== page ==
Kevin Costner jumps back in the saddle for “Open Range,” a majestic look at the Old West. The “Dances With Wolves” director and star of “Silverado” and “Wyatt Earp" reconnects with the genre that’s served him well in the past. “Open Range” is the nostalgic story of grizzled cowboys, the wide-open beauty of a young country, and the fading days of a way of life. “Open Range” is visually stunning and features an easy to follow plot with strictly defined heroes and villains. While the heroes don’t literally wear white hats, there’s never the slightest doubt whom to root for.
The story follows Charlie Waite (Costner) and Boss Spearman (Robert Duvall), cattlemen who believe in freegrazing (allowing herds of cattle to move freely throughout the country, rather than stay on a ranch). Along with their younger companions, Mose (Abraham Benrubi) and Button (Diego Luna), they move their cattle across the West, never settling in one spot too long and always adhering to the traditions and values moviegoers have come to expect from honest cowboys.
Needing supplies, Mose is sent into the nearest small town and that’s when trouble ensues. The town’s corrupt sheriff is merely the puppet of Denton Baxter, a wealthy rancher who ruthlessly sets the laws for the township. Seems the rancher is anti-freegrazing and will do anything – including commit murder - to keep those who practice that method of feeding out of his territory. Tragic events follow causing Charlie and Boss to take a stand against the rancher, the town’s lawman, and their gang of murderous thugs.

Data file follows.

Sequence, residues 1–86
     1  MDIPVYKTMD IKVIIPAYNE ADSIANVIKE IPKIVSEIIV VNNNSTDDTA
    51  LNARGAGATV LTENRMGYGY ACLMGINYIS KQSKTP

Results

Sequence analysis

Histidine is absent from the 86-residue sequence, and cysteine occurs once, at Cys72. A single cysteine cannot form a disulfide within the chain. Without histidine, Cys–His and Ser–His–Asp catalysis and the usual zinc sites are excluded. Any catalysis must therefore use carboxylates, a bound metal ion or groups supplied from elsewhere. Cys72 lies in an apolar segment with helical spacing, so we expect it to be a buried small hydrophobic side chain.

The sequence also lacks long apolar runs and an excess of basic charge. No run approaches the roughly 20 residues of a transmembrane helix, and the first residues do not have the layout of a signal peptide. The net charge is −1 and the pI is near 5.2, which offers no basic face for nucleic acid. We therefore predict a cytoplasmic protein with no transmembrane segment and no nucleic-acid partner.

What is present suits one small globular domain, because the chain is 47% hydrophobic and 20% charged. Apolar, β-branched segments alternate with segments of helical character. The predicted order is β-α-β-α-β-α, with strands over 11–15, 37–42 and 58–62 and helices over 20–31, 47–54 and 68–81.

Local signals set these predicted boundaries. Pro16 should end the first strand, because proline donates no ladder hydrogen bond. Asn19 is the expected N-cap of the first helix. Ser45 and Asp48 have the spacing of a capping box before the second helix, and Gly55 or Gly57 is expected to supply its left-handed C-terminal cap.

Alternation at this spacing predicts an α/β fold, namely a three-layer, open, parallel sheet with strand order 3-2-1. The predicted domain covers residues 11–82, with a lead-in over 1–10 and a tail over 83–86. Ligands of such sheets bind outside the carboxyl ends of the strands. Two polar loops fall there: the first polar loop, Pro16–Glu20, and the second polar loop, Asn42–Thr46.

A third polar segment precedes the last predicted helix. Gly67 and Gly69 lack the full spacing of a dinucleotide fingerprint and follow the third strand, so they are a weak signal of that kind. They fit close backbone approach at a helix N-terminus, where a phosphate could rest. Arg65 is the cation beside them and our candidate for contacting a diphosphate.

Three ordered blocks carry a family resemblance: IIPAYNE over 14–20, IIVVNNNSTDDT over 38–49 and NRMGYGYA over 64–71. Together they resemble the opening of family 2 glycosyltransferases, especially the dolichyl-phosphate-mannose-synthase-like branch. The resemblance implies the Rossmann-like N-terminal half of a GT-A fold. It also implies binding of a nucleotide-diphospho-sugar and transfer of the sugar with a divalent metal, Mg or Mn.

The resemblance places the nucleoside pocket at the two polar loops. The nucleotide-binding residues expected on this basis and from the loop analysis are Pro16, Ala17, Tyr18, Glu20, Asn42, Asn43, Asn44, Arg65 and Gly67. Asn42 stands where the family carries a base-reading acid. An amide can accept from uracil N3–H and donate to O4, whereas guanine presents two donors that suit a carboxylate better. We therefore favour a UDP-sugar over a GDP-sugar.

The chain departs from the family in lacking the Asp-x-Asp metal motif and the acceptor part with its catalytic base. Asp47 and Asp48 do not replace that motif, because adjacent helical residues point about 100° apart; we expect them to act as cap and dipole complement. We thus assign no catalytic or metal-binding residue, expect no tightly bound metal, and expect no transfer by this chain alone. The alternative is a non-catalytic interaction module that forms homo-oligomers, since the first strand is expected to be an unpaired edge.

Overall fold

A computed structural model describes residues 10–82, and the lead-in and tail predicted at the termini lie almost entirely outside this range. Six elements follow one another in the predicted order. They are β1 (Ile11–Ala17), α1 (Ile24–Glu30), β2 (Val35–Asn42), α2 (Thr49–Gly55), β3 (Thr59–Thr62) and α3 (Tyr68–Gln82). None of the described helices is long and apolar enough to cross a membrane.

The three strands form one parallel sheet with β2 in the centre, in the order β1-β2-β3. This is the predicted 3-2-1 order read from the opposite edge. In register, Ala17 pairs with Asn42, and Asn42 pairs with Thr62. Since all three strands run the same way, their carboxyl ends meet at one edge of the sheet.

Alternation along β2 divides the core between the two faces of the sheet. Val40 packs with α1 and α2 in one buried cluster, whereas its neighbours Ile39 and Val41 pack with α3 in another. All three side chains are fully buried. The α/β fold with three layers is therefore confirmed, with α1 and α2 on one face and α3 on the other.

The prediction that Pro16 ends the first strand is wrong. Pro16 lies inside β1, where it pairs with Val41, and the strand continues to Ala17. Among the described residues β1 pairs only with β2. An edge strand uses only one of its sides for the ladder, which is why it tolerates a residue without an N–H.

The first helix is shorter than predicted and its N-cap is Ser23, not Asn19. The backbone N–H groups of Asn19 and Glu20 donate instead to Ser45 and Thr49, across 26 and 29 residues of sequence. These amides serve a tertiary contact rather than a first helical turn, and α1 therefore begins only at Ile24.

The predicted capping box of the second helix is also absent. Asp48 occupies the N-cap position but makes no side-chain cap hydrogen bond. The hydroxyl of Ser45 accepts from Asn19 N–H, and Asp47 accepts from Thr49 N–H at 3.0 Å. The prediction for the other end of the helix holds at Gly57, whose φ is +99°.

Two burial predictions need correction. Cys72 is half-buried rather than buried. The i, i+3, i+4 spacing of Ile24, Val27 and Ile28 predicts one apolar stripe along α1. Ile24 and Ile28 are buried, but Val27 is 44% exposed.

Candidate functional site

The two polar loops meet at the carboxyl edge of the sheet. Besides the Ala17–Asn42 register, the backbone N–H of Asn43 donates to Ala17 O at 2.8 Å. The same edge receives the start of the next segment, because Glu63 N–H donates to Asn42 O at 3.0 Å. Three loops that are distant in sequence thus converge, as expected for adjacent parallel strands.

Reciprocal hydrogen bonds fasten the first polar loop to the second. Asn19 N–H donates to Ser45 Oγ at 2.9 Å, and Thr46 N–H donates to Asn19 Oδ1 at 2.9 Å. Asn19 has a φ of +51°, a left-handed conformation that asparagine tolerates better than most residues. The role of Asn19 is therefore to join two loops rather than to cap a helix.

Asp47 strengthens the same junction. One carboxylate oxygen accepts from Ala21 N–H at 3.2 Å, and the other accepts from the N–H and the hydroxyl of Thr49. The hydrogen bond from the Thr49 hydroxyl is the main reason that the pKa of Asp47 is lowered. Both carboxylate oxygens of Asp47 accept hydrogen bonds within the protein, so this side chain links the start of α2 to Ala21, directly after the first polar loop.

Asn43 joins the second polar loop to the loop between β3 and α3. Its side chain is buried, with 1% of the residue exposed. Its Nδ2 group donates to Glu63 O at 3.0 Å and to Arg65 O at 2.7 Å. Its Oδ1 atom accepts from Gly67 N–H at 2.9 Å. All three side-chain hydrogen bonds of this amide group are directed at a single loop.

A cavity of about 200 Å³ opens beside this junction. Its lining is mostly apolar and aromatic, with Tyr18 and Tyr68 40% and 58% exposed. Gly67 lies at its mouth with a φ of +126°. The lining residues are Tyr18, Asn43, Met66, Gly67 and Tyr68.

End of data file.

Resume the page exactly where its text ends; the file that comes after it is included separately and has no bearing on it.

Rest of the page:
“Open Range” is brutally violent and very much deserving of its ‘R’ rating. Once the showdown between good and evil begins, audiences are in for a beautifully choreographed deadly game of cat and mouse filled with graphic scenes of gun shot victims. Costner the director executes this battle scene without glamorizing violence, without exploitative, unnecessary shots of blood and gore, and with the desire to remain true to the story, the characters, and the history of the Wild West. It’s one of the most visually complete gunfight scenes ever featured in a Western.
The film is very slow-paced, with the crucial gun battle scene the only segment that flows with any urgency. In a summer filled with shoot-em-up action flicks and fast-paced comedies, “Open Range” is a drastic change of pace. Is it a welcome one? In parts, yes. But for large portions of the film, the sluggish pacing works against it. A good deal of the time spent in town building up to the crucial battle seems to be filler material, included only to pad out the movie’s length. The side plot of a romantic alliance between the town doctor’s sister (Annette Bening) and Costner seems intrusive rather than integral to the plot. Costner was smart enough to cast Robert Duvall (delivering yet another great performance), and the relationship between Costner’s ‘Charlie’ and Duvall’s ‘Boss’ should have remained the prime focus of the movie. Instead, the romantic angle takes over and doesn’t feel honest when compared to the rest of the storyline.
At 135 minutes long, “Open Range” could easily have chopped off the last 15-20 minutes and still felt complete (the preview audience, myself included, did a lot of fidgeting in our seats during that time). There’s a break in the flow of the movie after a significant scene and that point would have lent itself to being the end of the movie. Instead, there’s a more contrived ending that doesn’t flow quite as naturally.
Despite these flaws, “Open Range” has a lot going for it. The cinematography is spectacular and Duvall and Costner are fantastic together. “Open Range” is meant for a very specific audience. Costner fans, fans of Westerns, and adults looking for entertainment free of special effects should find something to cheer about in this ode to a bygone era.
"Open Range" is rated R for violence.